Posted: 03 Oct 2011 02:34 AM PDT
Canada’s wind energy sector is gusting towards record territory this year.
According to data from the Canadian Wind Energy Association (CanWEA), an estimated 1,338 megawatts (MW) of new wind energy installations are on track to set a record for new capacity built in Canada in a single year. The predicted numbers this year almost double the 2010 levels of 690 MW, CanWEA said. Although Canada, recently, has been known more for crude oil from the Alberta oil sands, the report released on Canada’s new wind installments for this year provided some good news to Canada on the renewable energy front, considering the criticism it has received on both the building of a new pipeline to transfer oil from the Alberta tar sands to the United States, and a lack of coherent clean energy policy among the Canadian federal government.
CanWEA president Robert Hornung said on its website that Canada is starting to become a very aggressive place for investments in the sector. Hornung added that strong targets for wind installations plus solid government policy will help Canada become a major player in the global wind industry.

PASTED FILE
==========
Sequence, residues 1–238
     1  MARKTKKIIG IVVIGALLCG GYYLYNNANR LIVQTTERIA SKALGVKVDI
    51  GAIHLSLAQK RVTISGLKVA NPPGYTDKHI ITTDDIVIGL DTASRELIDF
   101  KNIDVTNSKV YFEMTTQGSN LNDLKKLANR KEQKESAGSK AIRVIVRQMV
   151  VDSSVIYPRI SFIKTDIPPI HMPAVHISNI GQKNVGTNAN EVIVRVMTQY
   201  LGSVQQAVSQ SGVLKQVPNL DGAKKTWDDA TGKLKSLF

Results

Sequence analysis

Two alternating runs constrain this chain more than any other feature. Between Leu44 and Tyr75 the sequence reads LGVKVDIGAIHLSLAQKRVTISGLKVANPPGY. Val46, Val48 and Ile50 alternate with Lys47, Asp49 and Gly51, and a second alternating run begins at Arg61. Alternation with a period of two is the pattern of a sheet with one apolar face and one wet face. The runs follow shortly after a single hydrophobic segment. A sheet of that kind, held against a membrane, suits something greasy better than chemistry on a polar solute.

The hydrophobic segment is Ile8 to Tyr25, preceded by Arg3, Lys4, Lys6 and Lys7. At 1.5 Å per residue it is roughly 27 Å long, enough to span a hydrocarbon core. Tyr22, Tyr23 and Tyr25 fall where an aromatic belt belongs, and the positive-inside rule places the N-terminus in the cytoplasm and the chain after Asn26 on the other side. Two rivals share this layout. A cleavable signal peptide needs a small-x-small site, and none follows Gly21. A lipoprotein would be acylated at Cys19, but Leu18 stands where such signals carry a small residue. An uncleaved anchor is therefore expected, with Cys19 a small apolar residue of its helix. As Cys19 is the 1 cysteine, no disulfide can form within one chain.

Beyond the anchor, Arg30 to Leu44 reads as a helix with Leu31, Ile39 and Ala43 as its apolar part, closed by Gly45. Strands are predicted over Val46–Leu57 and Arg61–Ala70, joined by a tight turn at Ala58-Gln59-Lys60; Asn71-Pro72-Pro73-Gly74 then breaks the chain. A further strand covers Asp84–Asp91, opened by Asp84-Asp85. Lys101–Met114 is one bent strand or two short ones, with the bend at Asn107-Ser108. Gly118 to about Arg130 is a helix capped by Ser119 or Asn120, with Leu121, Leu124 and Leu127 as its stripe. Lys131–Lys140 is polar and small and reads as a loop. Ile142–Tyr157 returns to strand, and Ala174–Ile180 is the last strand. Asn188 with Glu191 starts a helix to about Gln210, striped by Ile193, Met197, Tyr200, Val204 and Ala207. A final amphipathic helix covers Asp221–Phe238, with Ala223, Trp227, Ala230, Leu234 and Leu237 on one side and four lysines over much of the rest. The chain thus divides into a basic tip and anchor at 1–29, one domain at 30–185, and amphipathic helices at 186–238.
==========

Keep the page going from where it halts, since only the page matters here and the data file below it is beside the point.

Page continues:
Some of the major factors regarding the growth of Canada’s wind capacity in 2011 include creating new supplies of energy to meet demand, with minimal environmental impact, while creating economic opportunities in both rural Canada and industrial sectors.
With the added 1,338 MW of new power created by the end of the year, Canada’s total wind power capacity capacity will reach about 5,300 MW, more than 27 times the amount of wind power installed ten years ago (in 2001) — 198 MW, according to CanWEA. The association predicts that an extra 6,000 MW will be added over the next five years, with new projects set all over the country.
Out of all provinces, new wind installations from Ontario lead the way this year, with a targeted 500 MW of wind power capacity. While Ontario may lead the way with new wind capacity installed this year, other projects across the country, including the St. Joseph wind farm in Manitoba and Nova Scotia’s Watts Wind project, will help continue to blow Canada’s wind industry in the right direction.